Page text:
Date of Award:


Document Type:


Degree Name:

Master of Science (MS)



Committee Chair(s)

Rick A. Cruz


Rick A. Cruz


Melanie M. Domenech Rodríguez


Melissa A. Tehee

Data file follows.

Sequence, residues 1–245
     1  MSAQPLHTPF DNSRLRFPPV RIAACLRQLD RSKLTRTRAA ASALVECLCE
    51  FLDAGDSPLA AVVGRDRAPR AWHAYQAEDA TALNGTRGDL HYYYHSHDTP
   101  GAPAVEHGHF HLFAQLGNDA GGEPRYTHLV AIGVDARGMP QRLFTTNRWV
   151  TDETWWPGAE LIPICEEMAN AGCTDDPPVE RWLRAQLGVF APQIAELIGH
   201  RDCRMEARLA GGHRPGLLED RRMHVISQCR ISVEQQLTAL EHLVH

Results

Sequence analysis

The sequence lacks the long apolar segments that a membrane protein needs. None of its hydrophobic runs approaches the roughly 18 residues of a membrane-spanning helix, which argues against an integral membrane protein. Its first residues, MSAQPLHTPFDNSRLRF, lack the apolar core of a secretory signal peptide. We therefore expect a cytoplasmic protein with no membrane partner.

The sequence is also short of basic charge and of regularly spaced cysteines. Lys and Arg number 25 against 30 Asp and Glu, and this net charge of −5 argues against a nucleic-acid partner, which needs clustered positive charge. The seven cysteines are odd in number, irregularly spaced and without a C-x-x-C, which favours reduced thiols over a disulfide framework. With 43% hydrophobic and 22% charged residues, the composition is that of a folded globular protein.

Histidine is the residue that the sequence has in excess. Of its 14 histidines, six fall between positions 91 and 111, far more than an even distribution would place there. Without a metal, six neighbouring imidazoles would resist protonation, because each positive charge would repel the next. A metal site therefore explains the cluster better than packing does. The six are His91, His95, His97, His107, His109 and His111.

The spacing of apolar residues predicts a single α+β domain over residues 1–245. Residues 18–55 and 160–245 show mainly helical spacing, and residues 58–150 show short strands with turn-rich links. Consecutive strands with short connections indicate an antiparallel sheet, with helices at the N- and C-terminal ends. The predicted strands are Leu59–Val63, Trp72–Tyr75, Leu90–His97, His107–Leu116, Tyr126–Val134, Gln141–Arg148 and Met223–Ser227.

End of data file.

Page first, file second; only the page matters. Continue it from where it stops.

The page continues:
Somatic symptoms have been associated with psychological distress across different cultures and are used to diagnose depressive and anxiety disorders in the U.S. Across cultures, individuals with internalizing disorders may present with somatic symptoms outside of the diagnostic criteria, emphasizing the importance of these physical concerns. For example, Latinxs tend to endorse more somatic symptoms than White Americans, suggesting that different cultural aspects may contribute to the higher endorsement of somatic symptoms among Latinxs. However, not many studies have examined specific sociocultural factors that may be influencing somatic symptom report. This is especially true among emerging adults who are in a high-risk period for developing mental illness. This study examined how endorsement of traditional Latinx cultural values and ties to cultural identity related to somatic symptoms associated with depression, anxiety, and general somatic distress. Participants were 472 college students between 18-25 years of age. Results showed a negative association between respect for family and negative mood, mainstream comfort and negative mood, as well as mainstream comfort and social concerns, such that higher levels of respect for family and comfort with U.S. mainstream culture were related to lower negative mood associated with depression. A similar pattern emerged where a higher endorsement of mainstream comfort was associated with lower social concerns, a facet of anxiety sensitivity. Finally, there was a significant negative association between respect for family and somatic symptoms, meaning that higher report of respect for family was associated with a lower report in general somatic symptoms that are not necessarily associated with depression or anxiety. The results from the study support previous research that has suggested that different sociocultural factors may be associated with somatic symptoms. This study extends these findings by providing evidence for Latinx young adults in higher education. Cultural values may serve as protective factors and may be important to consider in psychological assessment and treatment. The work from this project also shows the significance of integrative behavioral health, to ensure that all individuals get properly screened for mental health disorders when cultural variables may influence the expression of psychopathology that may not fit the typical mold.